Miles Kington: Hand signals can land drivers in hot water

If the driver behind is foolish enough to be unaware of hand signals, that is her fault. Not mine
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There is a most peculiar trial going on in the High Court at the moment, in which a motorist is facing charges of dangerous driving, without having broken the law. How can this be? Well, let us join the trial as the defendant, Willis Gaspard, takes the stand...

Counsel: You are William Gaspard?

Gaspard: I am.

Counsel: No, hold on, I have got the name wrong. You are Willis Gaspard ?

Gaspard: I am.

Counsel: Even though just now you agreed that you were William Gaspard?

Gaspard: I am.

Counsel: You are what?

Gaspard: I am.

Judge: Mr Blanchflower, pause for a moment. The defendant is clearly terrified. Are you not, Mr Gaspard?

Gaspard: I am.

Judge: There you are, Mr Blanchflower. It is not an easy thing to stand up in a court of law for the first time - I take it you are appearing for the first time, Mr Gaspard?

Gaspard: I am.

Judge: And sometimes a person is so overawed by the occasion he cannot think straight, and is reduced to saying the same thing over and over again.

Gaspard: I am.

Judge: Shut up, Gaspard. So you see, Mr Blanchflower, I recommend that you adopt a friendly manner, just to begin with. You can turn nasty later, if that is the way you are planning it.

Counsel: I am.

Judge: Watch it, Blanchflower

Counsel: I am sorry, m'lud. Now, Mr Gaspard, will you please tell the court your name?

Gaspard: I am ...

Counsel: Yes?

Gaspard: I am ... Willis Gaspard

Counsel: Very good. And on 17 July last year, you were driving a car along the A2022 in Surrey, were you not?

Gaspard: I am.

Counsel: You mean, you were.

Gaspard: I was.

Counsel: Good. Now, you came to a point where you had to turn right, did you not ?

Gaspard: I am.

Counsel: Let me rephrase. You came to a point where you had to turn right into a road called Woodmansterne Lane, where you are resident, is that not right?

Gaspard: I am.

Counsel: Good. And to indicate your right turn you not only switched on your indicator, but you also stuck out your right hand to show you were turning right?

Gaspard: I did.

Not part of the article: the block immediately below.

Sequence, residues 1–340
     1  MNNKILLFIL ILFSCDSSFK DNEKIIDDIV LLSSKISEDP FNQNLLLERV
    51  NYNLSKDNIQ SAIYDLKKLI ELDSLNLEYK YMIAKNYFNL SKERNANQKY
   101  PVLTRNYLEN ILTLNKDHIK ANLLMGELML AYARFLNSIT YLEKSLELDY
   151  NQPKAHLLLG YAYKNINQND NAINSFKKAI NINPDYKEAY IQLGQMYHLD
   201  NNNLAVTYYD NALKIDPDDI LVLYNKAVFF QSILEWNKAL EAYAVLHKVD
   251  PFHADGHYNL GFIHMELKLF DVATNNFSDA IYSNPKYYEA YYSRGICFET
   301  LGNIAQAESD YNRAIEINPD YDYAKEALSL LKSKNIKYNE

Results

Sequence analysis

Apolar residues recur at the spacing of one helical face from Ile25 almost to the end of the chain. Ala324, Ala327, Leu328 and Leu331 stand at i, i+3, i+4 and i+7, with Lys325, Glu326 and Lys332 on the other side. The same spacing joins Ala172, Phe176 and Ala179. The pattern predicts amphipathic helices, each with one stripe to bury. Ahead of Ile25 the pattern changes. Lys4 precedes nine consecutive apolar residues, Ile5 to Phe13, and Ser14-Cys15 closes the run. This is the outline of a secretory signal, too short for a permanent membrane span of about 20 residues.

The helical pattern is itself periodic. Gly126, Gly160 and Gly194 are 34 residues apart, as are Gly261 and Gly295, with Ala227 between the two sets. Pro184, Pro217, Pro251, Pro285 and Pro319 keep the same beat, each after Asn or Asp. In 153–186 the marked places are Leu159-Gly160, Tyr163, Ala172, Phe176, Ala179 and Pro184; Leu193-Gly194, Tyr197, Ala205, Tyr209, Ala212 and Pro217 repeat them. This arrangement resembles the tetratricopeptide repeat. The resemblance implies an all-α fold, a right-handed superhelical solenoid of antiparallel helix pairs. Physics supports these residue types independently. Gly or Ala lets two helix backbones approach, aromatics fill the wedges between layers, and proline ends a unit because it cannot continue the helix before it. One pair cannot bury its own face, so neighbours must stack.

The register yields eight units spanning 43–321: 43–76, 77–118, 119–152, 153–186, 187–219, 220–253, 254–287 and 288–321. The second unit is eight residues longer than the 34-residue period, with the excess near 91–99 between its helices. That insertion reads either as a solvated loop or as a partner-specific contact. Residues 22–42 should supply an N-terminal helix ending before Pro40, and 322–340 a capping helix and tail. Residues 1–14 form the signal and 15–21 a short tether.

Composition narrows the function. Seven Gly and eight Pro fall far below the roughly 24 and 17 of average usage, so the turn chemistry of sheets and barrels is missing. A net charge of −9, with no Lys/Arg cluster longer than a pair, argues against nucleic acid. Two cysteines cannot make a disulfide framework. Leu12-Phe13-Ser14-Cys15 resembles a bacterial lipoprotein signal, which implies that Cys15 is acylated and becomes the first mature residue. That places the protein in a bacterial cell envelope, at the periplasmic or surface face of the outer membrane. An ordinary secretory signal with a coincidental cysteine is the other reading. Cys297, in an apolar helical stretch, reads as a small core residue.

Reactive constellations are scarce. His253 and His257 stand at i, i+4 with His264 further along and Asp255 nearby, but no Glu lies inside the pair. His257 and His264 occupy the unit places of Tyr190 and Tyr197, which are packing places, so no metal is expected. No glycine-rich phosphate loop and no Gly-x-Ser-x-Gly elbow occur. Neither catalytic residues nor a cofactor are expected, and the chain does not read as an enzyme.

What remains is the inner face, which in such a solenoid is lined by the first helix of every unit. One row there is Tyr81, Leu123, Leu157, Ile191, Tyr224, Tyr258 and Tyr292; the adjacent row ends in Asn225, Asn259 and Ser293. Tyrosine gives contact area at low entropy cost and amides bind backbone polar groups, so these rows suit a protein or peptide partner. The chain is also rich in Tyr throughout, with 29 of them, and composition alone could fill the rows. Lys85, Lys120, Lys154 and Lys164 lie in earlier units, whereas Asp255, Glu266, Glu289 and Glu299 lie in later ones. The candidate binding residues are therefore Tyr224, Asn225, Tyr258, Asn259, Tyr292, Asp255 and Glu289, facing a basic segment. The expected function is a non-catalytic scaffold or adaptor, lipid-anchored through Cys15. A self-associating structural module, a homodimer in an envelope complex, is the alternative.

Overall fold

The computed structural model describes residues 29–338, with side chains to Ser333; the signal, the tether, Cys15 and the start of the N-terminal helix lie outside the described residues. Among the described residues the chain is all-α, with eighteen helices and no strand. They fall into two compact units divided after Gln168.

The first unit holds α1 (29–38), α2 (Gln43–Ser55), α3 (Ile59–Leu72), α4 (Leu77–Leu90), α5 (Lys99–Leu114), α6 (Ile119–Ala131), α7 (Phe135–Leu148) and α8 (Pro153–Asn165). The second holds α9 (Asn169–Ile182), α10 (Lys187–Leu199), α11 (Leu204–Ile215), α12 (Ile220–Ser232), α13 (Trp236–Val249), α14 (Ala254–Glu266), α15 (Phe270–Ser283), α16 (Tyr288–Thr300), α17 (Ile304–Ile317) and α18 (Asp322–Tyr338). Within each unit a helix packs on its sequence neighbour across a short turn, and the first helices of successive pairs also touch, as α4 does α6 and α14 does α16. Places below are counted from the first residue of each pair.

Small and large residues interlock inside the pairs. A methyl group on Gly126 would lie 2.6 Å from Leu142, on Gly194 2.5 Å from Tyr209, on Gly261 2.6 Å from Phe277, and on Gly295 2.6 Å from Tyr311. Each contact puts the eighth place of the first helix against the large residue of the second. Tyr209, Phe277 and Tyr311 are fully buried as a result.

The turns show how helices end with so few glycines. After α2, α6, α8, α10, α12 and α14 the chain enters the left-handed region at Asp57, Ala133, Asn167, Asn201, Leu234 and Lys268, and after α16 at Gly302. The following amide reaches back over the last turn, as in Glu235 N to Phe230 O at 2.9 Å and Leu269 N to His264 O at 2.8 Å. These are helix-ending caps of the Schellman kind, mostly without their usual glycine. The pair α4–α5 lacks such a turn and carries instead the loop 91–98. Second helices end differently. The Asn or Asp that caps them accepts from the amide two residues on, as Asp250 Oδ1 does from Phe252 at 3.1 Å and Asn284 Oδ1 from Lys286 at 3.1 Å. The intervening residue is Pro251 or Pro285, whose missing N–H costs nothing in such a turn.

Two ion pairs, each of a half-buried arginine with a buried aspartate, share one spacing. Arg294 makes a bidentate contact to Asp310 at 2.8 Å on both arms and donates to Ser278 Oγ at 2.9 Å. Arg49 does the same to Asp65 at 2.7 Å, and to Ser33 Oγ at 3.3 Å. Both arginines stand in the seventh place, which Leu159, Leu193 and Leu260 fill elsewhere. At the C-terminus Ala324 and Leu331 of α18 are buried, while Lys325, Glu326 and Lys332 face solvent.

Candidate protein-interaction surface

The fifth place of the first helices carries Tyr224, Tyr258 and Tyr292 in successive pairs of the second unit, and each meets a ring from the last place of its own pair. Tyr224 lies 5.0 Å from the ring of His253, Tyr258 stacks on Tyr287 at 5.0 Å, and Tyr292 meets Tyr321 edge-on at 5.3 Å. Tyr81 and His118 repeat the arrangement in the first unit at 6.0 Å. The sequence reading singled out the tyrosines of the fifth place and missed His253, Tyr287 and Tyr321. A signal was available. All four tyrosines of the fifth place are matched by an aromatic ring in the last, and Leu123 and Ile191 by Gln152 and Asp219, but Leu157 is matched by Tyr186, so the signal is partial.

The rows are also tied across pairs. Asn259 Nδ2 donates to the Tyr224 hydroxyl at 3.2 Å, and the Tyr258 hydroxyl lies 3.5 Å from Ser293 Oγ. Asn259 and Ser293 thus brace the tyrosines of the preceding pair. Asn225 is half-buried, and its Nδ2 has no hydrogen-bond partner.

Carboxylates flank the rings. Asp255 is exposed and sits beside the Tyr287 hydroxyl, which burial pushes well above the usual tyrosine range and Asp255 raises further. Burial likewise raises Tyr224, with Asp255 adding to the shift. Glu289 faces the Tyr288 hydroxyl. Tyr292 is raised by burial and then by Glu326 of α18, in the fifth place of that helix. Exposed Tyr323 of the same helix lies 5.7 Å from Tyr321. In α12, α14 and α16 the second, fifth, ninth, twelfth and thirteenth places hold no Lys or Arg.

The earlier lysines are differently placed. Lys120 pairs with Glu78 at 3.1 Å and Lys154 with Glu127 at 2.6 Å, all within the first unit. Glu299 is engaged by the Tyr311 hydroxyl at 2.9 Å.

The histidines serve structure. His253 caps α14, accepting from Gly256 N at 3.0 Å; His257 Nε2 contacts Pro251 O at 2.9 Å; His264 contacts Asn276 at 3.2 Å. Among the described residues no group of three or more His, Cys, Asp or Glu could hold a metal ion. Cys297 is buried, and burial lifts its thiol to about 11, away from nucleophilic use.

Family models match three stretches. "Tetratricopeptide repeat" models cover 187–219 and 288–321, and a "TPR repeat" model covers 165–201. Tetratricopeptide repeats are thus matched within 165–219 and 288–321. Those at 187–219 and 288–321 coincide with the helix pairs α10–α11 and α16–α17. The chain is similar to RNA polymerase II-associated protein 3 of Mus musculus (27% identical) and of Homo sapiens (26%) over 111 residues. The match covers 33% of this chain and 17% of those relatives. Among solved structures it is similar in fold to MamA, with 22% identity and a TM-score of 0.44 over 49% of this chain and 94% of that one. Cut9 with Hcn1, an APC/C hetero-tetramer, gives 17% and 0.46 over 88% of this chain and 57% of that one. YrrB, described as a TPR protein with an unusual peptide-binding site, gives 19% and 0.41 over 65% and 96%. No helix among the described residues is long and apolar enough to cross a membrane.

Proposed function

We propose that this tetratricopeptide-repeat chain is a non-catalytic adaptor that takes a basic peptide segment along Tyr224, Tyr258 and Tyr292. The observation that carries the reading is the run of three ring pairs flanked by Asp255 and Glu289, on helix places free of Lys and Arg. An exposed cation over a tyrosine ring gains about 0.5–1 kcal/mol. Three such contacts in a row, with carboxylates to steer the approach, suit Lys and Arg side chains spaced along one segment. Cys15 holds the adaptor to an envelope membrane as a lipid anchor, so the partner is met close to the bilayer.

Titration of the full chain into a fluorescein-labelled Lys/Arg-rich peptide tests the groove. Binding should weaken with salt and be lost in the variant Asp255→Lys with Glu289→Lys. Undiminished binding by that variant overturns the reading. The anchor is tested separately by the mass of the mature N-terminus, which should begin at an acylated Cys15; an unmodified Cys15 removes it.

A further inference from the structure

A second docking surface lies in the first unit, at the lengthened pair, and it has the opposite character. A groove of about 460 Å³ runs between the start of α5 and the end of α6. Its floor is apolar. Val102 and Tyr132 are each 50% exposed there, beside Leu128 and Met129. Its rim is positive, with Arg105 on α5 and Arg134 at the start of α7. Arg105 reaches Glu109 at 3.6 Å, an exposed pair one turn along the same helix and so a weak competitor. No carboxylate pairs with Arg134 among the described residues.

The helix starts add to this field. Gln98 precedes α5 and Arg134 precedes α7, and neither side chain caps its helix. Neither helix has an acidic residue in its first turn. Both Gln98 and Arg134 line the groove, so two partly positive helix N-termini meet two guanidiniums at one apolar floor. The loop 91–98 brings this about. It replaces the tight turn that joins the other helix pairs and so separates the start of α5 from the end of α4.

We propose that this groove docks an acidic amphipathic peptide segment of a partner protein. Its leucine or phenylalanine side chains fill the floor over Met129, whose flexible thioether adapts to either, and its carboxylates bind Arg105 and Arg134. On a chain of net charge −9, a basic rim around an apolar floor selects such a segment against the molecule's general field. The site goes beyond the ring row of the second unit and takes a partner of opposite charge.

Counsel: The result of your hand gesture was to confuse the driver of the car behind you who thought you were waving to her to overtake you, that she overtook you just as you started to turn right and that it all led to a terrible pile-up in which, mercifully, nobody was hurt. Is that a fair summary, Mr Gaspard?

Judge: It is.

Gaspard: How do you justify your actions?

Gaspard: With consummate ease. I broke no law. I merely followed the precepts of motoring which I learnt in my youth, to make my actions clear by hand signals. Nowadays, when everything is done electronically, younger people merely flick on a pulsing light to indicate they are turning, but what if the light is not working? How can they possibly know if a light they cannot see is functioning? They cannot. And that is why I always back up my automatic signals with hand signals. If the driver behind is foolish enough to be unaware of hand signals, that is her fault, not mine. She should be in the dock for ignorant driving, not me!

Counsel: Ah, but ignorant driving is not a crime.

Gaspard: It most certainly is. Ignorance of the law against using a mobile phone while driving is a crime. Ignorance of the speed limit while driving in excess of it is a crime. Ignorance of the difference between a red traffic light and a green light is a crime. Ignorance ...

Counsel: I take your point, Mr Gaspard. I also note you have abandoned your previous tight-lipped approach and your reiteration of "I am" as an answer. Does this new eloquence mean you are prepared to co-operate?

Gaspard: I am.

(More of this case tomorrow when we finally find out whether it is now illegal to use hand signals.)

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